Innovative Schools Summit Plenary Speaker Dr. Yong Zhao says “the process of creating is a natural desire of students — and one that schools could choose to systematically support — rather than squelching such instinctive learning urges. This need to be creative must be supported from a young age, thus the implications for school cultures is significant.”
Dr. Zhao is an expert on globalization and education. He has published over 100 articles and 20 books, including Catching Up or Leading the Way: American Education in the Age of Globalization. Dr. Zhao will deliver a plenary presentation at the Innovative Schools Summit Las Vegas.
Scholars struggle to consistently define and distinguish the terms, but educators agree on the need to transform both “climate” and “culture” to improve academic outcomes. The School Climate & Culture forum features practical, real-world initiatives that are successfully transforming the quality, character and personality of schools. It showcases programs, assessments and tools proven to improve school culture and climate. Evidence-based and research-based interventions will be introduced, while the forum also highlights high-potential efforts currently being implemented in the laboratory of everyday school life. REGISTER NOW!
Self-Regulation includes a set of insights and skills students need for academic success, emotional control and healthy social interaction. When a young person is lacking in his/her ability to self-regulate emotions and behavior, negative outcomes are easily observable. Helping young people improve their Self-Regulation skills can help them to better handle anger issues, anxieties, impulsiveness, academic challenges, classroom behavior issues, self-esteem struggles, social troubles and more. Helping young people improve their Self-Regulation skills will enable teachers, counselors, social workers, administrators and other educators to see observable and sustained positive changes in young people.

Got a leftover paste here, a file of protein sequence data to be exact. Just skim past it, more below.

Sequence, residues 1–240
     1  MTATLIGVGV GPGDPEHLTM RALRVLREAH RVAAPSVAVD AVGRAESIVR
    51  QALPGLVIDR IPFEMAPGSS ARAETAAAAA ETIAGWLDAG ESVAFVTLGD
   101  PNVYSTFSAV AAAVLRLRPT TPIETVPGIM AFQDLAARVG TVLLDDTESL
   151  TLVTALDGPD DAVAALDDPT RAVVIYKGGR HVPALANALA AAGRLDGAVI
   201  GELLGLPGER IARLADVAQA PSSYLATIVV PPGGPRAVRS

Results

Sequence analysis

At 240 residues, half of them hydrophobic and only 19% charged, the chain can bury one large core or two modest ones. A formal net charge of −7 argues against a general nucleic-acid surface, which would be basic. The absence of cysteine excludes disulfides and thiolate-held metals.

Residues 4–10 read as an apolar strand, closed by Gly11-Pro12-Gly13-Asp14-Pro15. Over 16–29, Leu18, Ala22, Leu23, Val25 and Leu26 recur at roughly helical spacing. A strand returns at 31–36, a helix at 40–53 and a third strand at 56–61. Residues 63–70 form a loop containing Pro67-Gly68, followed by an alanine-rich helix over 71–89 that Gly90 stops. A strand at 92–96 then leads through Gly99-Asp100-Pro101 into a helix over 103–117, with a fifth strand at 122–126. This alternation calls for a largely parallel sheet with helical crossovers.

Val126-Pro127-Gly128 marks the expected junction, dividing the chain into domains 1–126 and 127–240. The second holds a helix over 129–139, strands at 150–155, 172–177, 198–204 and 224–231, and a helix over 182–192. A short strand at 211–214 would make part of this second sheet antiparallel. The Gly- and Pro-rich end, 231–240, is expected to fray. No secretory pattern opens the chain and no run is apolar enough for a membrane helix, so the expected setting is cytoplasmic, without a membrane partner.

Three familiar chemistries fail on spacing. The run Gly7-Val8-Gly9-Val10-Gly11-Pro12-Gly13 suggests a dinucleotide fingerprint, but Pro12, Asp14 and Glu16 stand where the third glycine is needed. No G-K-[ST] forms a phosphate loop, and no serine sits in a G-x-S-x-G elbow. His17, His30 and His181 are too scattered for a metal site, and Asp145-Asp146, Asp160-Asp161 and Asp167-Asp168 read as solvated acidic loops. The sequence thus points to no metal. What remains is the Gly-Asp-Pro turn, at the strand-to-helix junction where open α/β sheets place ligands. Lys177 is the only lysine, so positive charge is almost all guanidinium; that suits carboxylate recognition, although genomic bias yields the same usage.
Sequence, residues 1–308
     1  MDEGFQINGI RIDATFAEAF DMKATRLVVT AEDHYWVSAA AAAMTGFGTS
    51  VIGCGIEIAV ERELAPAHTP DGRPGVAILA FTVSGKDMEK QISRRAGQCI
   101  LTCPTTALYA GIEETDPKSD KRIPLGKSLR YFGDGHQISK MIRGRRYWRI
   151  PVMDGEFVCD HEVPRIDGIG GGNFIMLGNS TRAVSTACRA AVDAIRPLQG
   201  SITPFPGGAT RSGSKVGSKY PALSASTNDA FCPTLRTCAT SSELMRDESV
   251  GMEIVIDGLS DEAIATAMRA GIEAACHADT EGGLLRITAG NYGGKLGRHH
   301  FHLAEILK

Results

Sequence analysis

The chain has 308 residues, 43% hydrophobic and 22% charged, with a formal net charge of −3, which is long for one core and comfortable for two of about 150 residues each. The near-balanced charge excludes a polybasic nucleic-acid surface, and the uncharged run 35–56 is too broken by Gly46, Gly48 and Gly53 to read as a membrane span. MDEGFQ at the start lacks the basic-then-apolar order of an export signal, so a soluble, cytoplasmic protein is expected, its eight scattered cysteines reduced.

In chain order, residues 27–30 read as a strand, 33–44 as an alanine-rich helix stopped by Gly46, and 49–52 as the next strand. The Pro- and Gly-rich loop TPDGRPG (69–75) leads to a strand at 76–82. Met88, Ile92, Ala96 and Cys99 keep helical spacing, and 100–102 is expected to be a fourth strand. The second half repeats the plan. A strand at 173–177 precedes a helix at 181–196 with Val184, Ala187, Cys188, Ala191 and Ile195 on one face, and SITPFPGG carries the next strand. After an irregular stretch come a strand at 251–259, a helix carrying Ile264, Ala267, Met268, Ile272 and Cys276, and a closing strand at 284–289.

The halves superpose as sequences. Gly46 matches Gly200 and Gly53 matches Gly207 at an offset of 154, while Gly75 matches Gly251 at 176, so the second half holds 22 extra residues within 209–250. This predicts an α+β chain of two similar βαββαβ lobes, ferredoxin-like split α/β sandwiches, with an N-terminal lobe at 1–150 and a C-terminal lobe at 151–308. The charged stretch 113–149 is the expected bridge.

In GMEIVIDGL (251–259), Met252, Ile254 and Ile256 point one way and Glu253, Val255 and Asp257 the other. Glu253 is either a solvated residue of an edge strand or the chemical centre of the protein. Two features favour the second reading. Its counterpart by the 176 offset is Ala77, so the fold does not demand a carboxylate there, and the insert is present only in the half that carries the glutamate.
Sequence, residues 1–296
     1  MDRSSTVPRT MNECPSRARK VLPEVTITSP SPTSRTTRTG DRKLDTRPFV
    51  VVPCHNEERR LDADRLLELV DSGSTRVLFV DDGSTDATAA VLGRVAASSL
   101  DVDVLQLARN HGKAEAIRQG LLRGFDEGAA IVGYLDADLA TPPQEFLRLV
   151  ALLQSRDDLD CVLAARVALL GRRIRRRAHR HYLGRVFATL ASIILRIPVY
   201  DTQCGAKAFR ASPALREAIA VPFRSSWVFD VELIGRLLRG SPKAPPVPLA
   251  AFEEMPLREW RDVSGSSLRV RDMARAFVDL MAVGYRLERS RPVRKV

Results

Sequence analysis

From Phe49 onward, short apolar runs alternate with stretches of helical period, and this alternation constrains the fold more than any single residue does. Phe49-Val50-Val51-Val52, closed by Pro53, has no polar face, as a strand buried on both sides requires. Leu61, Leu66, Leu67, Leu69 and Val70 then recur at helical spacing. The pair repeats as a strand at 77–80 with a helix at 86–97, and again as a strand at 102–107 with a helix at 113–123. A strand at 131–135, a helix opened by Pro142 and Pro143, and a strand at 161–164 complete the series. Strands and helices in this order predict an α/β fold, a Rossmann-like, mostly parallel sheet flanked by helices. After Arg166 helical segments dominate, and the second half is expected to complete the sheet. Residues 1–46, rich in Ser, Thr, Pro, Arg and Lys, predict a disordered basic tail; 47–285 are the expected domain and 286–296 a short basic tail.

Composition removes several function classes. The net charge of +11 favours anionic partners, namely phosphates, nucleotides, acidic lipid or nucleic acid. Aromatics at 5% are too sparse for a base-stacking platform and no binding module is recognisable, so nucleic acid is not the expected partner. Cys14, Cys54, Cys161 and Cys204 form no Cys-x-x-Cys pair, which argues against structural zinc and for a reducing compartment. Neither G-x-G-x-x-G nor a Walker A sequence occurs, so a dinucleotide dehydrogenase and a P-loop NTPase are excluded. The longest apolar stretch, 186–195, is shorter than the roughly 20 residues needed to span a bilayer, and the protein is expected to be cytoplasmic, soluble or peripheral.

This seminar, Helping Young People Learn Self-Regulation: Teaching Impulse Control to Students Grades K-12, the presenter will provide recommendations and strategies that you will be able to use with all students, and in particular with students who have behavioral and/or emotional self-control issues. Included will be practical insights, recommendations and learning activities that are based upon the evidence-based approaches used in cognitive-behavior psychology. The content of this seminar is consistent with the principles underlying the RTI/MTSS and Positive Behavior Supports movements. The presenter will provide creative, fresh and engaging approaches for individual students, small groups, classrooms and the whole school.
In this seminar you will learn how to:
- Develop a level of understanding of the Self-Regulation framework sufficient for teaching it to students and presenting it to parents.
- Apply step-by-step strategies/activities to teach young people how to increase Self-Regulation including: Cooling the Flame, My Warning Signs, Melting Freeze, You
- Can’t Make Me Laugh, Free Emotional Expression, Challenge Software Program, Defiance Trap
- Organize and implement strategies in a way that is most effective for addressing many social/emotional, behavioral and academic problem areas including: anger and oppositional behavior, depression & anxiety, academic performance, chronic impulsiveness, ADHD, motivation, learned helplessness, bullying & other school safety issues
- Access, monitor and report measurable outcomes from the application of Self-Regulation strategies presented in this seminar